Unfortunately, there is no shortage of service providers with machines and methods that meet these specifications but who also grossly lack the necessary security in the other areas of the process.

However, with a little diligence it is fairly easy to find quality services providers that do embrace the entire field of security issues and they are worth finding. Compared to all other alternatives, including in-house destruction, they provide customers with the best solution for meeting their evolving data destruction responsibilities. The number of providers with high security services is expected to grow over the coming months and years; if only because of rising demand for this level of service from customers.

Embracing Secure Destruction Processes

Outsourcing of secure destruction to quality service providers is expected to grow in popularity because the outsourcers are so much better prepared to provide a full range of security issues. It stands to reason that the outsourcing companies who take that challenge seriously are going to get the lion’s share of that opportunity.

An additional factor is the data destruction on obsolete computers. It has long been known that outsourcing of sanitization to a service provider with a robust quality control system is really the only viable alternative for organizations that must protect information on obsolete computers.

In 2003, a study by Dr. Simpson Garfinkel, which led to his article “Remembrance of Data Passed,” was the first that demonstrated that many hard drives on the second hand market still contained an extraordinary amount of sensitive information. Further, he and his team were able to discern that many of the drives containing such information had undergone some attempt at being overwritten. The problem, according to the article, was not the sanitization process but that those applying it did not know what they were doing. It was the first of many similar studies over the years that showed the importance of trained personnel and quality control to effective hard drive sanitization – something that is only provided by companies that specialize in data secure destruction and have complete security process in place.

Turning Up the Heat

Over the last few years, organizations with a high data protection requirement (and their data-related vendors) have seen a number of trends in this new “data protection age.”

Up until about 3 years ago, there had been few if any enforcement actions related to improper data disposal. No fines. No law suits. No firings.

The first sign that this might be changing came in December of 2007 when a mortgage company in the Chicago area was fined $50,000 by the FTC under the FACTA Final Disposal Rule for demonstrating a “pattern of improper disposal of consumer report information.”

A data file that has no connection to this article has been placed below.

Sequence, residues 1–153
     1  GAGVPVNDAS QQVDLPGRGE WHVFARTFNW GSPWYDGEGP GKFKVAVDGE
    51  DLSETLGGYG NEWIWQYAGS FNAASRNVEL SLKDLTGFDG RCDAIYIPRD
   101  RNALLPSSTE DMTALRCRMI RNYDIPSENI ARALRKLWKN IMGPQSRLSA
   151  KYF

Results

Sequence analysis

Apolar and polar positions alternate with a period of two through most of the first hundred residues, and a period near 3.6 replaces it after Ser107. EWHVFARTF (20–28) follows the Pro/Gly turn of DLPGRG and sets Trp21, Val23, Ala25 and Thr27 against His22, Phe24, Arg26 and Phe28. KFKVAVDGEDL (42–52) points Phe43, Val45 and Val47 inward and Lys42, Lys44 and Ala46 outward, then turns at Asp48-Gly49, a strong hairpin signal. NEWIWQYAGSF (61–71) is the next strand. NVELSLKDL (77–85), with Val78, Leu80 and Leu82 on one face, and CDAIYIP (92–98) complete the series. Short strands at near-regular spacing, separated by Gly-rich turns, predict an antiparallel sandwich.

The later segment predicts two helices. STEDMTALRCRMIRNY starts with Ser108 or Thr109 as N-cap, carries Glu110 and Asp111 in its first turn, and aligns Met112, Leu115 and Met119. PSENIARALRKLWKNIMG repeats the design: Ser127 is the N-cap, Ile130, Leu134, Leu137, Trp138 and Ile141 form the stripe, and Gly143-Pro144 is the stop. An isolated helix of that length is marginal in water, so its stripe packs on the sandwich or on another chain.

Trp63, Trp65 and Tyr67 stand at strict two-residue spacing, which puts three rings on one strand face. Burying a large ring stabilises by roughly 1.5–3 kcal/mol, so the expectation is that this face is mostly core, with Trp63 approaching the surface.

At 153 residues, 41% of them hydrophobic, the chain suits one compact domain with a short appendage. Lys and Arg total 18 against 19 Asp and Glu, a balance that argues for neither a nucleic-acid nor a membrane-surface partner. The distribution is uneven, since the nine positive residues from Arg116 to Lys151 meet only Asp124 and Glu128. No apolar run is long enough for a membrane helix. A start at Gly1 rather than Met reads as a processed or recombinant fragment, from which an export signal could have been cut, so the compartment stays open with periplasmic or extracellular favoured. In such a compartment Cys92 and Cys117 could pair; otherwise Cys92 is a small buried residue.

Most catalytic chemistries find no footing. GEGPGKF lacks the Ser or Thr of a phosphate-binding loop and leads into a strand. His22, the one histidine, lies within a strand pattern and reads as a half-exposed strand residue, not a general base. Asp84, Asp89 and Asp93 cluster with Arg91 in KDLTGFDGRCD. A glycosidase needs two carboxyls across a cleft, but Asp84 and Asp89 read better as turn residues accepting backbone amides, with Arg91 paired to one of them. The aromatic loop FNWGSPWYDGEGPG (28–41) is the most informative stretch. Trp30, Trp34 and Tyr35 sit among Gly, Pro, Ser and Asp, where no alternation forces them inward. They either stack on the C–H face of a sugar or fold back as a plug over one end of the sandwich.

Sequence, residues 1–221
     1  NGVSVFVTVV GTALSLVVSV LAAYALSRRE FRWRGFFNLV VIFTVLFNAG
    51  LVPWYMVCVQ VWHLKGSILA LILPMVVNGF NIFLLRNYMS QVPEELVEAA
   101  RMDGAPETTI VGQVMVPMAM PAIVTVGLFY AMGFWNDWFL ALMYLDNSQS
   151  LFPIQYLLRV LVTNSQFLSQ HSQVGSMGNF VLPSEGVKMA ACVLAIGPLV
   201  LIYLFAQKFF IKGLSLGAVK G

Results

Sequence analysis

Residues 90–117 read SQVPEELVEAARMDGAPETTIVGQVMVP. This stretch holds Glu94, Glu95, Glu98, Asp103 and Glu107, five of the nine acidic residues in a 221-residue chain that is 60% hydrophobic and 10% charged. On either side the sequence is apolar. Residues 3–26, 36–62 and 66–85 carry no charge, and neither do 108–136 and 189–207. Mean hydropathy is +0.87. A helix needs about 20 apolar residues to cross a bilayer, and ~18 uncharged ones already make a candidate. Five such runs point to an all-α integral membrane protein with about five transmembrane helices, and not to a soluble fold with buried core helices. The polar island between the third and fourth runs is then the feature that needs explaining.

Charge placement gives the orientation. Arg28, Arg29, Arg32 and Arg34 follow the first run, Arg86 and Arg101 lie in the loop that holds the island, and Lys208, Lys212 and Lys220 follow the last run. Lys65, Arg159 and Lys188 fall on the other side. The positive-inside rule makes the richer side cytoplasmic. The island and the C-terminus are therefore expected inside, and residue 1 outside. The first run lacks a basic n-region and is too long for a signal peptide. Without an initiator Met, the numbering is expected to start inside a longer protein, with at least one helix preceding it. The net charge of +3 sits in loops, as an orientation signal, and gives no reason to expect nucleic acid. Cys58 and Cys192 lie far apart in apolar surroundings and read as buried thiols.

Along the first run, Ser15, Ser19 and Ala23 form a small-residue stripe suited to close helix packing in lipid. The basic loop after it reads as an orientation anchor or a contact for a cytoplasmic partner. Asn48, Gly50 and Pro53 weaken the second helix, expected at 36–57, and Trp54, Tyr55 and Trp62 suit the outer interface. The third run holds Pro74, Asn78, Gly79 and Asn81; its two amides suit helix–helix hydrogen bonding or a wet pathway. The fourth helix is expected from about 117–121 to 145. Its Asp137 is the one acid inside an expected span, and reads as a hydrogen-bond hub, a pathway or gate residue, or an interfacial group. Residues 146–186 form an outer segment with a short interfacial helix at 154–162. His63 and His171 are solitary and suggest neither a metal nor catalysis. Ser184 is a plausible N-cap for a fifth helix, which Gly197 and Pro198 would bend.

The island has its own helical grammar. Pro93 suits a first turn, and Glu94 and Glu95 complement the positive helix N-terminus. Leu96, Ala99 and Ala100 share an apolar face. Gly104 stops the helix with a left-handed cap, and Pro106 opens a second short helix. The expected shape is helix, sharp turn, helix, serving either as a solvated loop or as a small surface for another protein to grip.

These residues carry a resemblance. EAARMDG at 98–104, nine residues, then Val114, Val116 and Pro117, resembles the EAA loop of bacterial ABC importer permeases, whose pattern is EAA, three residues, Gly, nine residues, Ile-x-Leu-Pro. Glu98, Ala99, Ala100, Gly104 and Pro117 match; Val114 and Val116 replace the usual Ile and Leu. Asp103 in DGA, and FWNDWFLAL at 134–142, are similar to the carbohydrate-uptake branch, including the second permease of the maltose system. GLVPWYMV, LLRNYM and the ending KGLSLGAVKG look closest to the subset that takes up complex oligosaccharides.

Since that time, there has been an increasing litany of such fines; each higher than the last. Regulatory watchdogs and law enforcement officials including state hospital boards, states’ Attorneys General, state insurance boards, the Office for Civil Rights, and Federal Trade Commission are now handing out fines that have climbed as high as $2,250,000.

And, the threshold for what is finable is also lowering. A hospital in Texas was fined $990,000 for putting six boxes of unshredded records in its trash.

Recently, when asked exactly what type of data breach violation would result in the maximum level of new mandatory fines under the revised Health Insurance and Portability and Accountability Act (HIPAA), HHS wrote that a casually discarded computer hard drive containing patient information is such an example. According to the new mandatory fine schedule that fine ranges anywhere from $10,000 to $50,000 per patient record (capped at $1,500,000 per year)!

The new HIPAA regulation also requires data breach notification in the event that any unencrypted hard drive containing patient information goes missing for any reason.

The big news is that most experts see the new HIPAA as nothing short of a preview of the next national data protection law that will apply to all personal information and not just healthcare data.

Responding to the Needs of the Market

While data-related services providers are subject to the same risks as the customers they serve, that does not change the fact that they are in the best position to capitalize on these trends. No customer is going to be able to do all things they would have to do to match the security of a service provider who specializes in data security.

The good news is that customers already realize this fact. They are already looking for help and they will surely jump at the chance to switch to a service provider that understands that they need a destruction vendor who addresses the entire security process.